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Boogie Week: Caring Not For Your Generalizing Follies

USA Today Sports

USA Today Sports

It’s #BoogieWeek at Hickory-High, an extended celebration and exploration of all things DeMarcus Cousins. Check out the rest of our Cousins content here.

Needs to put on strength and muscle. Raw with the ball in his hands. Needs to develop footwork. Still figuring out the game. Those are catchphrases used as all-encompassing scouting terms in characterizing different players coming out of high school and colleges. Similar to how many caucasian athletes in basketball and football are seen as gritty, tough, hustle players, and scrappers; long, lanky big men are usually thought of as lumbering giants that have never dribbled a basketball, unable to comprehend a post move and still “figuring out the game.” Think Serge Ibaka, Marc Gasol, and Larry Sanders. DeMarcus Cousins cares not for your generalizing follies.

 Some strengths from his DraftExpress page back in college: excellent hands, excellent touch, nimble footwork, scoring instincts. The list goes on, numbering in different code words but all essentially saying the same thing; Cousins was a damn good basketball player, possessing innate skills at an age most were still trying to figure out the game.

And because most here on this website have waxed philosophical (and been awesome doing it), I thought it’d be easier to present some visualizations of the player Cousins has been, and perhaps, will become.

“Basketball instincts” can essentially be replaced with “knowing how to play a little dirty and do sneaky stuff.” Cousins plays off a cross-screen (except everyone knows it’s coming because the Sacramento Kings playbook isn’t that deep), looking one way and timing his swipe and spin as the ball swings. Now one step ahead, he’s able to drive to the basket, and show off some of his quick leaping ability, despite his size, in unison.

It isn’t the most aesthetically pleasing move but the non-linear format with which he reaches his destination, showing bursts of raw athleticism coupled with basketball IQ, is a far cry from most big men who either possess one talent or the other.

Compare Cousins to Blake Griffin who, finally, is being given some props for the offensive growth and post-game improvements he’s shown through a Chris Paul-less stretch. But before this season, and perhaps still presently, Griffin’s post moves have been more mechanical than fluid. Because of that structure, he’s been able to add, tweak, and consistently grow, mixing salts and spices, creating a melting pot of goodness. From his grinding bulldozer of a shoulder to half-spin to elongated delivery of a jump shot, Griffin’s skill-set is highly effective but less innately grown than Cousins’. Though all this, is of course in the eye of the beholder.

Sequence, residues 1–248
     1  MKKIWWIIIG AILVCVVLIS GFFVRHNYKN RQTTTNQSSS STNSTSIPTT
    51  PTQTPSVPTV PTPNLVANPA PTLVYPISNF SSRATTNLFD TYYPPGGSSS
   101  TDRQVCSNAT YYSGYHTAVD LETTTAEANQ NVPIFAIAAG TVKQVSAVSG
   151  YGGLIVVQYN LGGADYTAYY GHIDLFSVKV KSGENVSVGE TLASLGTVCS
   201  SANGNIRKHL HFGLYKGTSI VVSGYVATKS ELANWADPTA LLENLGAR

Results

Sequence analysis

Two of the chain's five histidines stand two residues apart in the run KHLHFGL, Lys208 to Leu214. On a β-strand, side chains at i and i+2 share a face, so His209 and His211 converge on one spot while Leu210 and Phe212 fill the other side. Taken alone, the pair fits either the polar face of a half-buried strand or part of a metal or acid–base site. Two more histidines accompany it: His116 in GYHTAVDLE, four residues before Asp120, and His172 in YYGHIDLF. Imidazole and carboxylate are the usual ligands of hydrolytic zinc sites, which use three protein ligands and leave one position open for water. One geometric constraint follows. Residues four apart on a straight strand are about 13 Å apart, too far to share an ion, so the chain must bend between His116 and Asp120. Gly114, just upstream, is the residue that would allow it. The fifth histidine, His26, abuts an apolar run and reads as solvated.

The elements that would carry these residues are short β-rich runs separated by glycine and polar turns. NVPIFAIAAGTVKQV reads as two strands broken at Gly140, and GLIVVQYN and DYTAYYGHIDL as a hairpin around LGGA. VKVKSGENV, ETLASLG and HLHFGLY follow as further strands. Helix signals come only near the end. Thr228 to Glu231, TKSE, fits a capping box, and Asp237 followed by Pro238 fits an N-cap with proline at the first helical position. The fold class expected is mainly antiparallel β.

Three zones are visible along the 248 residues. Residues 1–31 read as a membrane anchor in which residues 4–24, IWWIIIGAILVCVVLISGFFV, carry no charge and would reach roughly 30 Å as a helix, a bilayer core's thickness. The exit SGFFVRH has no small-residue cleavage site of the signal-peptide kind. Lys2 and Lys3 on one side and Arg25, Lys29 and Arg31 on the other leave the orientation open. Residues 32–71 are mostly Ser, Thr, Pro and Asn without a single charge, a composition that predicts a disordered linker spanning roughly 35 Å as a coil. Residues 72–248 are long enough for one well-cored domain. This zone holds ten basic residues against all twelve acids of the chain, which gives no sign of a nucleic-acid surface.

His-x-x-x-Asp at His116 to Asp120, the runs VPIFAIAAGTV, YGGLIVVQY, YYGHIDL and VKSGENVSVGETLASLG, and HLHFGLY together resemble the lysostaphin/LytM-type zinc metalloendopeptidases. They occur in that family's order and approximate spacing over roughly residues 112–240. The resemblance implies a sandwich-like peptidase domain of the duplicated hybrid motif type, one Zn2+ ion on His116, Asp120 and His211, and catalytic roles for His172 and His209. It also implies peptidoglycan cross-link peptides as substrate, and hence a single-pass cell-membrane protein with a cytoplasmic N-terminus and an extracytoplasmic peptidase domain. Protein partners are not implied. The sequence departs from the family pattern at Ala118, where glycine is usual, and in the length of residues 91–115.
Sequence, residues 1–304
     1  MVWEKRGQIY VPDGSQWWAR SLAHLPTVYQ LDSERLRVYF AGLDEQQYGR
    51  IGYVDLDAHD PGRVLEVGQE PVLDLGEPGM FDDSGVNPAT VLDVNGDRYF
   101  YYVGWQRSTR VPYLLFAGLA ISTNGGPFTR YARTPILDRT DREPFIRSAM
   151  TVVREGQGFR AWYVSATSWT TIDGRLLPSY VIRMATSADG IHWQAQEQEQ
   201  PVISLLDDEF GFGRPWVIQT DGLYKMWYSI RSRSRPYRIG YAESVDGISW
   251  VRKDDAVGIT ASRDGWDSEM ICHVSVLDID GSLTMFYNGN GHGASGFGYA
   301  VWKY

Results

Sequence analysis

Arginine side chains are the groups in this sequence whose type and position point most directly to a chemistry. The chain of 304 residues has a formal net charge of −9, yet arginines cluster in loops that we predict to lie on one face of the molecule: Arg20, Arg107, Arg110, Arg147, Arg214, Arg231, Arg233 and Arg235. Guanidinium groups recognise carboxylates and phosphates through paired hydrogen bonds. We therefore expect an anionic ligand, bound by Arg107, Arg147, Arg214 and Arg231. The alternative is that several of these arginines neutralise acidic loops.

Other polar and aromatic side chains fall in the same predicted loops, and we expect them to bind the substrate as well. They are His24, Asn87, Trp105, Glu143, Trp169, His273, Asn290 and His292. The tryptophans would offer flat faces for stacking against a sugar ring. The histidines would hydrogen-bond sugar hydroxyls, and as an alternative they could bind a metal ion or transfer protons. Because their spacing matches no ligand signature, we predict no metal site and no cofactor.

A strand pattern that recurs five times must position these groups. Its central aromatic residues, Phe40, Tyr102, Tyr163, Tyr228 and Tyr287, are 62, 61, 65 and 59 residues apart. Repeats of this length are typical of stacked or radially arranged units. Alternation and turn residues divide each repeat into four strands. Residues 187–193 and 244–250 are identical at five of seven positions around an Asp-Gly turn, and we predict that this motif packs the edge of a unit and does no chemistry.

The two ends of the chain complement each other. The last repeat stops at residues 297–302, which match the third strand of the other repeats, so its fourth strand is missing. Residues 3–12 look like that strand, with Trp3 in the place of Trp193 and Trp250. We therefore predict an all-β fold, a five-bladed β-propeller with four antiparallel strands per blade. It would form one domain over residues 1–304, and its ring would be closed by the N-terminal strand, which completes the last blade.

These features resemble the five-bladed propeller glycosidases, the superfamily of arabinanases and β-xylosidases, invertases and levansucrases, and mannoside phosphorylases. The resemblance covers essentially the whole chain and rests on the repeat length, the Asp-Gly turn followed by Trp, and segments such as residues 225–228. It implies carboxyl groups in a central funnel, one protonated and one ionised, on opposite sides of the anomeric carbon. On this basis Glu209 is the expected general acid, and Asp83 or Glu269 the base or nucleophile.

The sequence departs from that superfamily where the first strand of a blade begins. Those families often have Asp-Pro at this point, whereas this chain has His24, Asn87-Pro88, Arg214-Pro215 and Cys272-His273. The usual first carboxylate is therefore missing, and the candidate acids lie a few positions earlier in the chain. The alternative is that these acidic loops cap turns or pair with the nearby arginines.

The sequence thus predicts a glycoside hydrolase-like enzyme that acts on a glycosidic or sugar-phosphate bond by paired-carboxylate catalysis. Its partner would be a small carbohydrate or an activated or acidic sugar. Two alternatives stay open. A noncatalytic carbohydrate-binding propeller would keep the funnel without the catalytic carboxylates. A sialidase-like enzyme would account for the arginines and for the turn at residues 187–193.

Cousins sees the double-team as he spins on his left shoulder here, and could easily make a pass to a wide-open three-pointer at the wing, but he takes a step-through–one most offensive post players wouldn’t do–and flips in an easy floater. Most of his post moves come from the same low left or right block. The Kings don’t dare situate him up at the high post, knowing he would sooner settle for a jumper than a hard drive to the basket. His stubbornness falls into both a dazzling display of awareness and determination with a healthy dose of ineptness.

According to mySynergySports, Cousins has taken a posted-up on 30.5 percent of his total possessions, scoring at only a 41.8 percent clip. His next closest play? A pick-and-roll that he runs 17.7 percent of time at a 55.1 percent scoring clip. And for Cousins, most pick-and-rolls meld into isolation post-up sets. Synergy might not chart it accurately, but for Cousins, it’s not hard to distinguish what he wants to do and how the Kings scheme him in that manner.

This is the evolution of Cousins, a player that can take opposing centers off the dribble and bully power forwards in the paint (again, think a smoother Blake Griffin post-move, obviously without the dunks). He simultaneously displays the striking limberness of his body, swinging through a shocked defender, then lowering his shoulder and pushing him out of the way for a hook shot. Though Joel Anthony–not a shabby defender–recovered nicely, he was shoved aside by nearly 300 pounds of Cousins shoulder.

Cousins isn’t consistent using all these moves but the inherent ease with which he decides to use them, never hesitating or exhibiting the literal grinding of gears gives way to what we perceive and hope to be unadulterated potential success.

Easily antagonized, inconsistent from the field, and surrounded by an awful supporting cast, Cousins’ weakness aren’t as profound as one would assume. But with the turgid and linear trajectories of players like Ibaka, Griffin, Kevin Love, and Roy Hibbert, there’s something refreshing and grimacing, to see Cousins simultaneously prosper and wilt under the heaping pile of dung the Kings have constructed around him.

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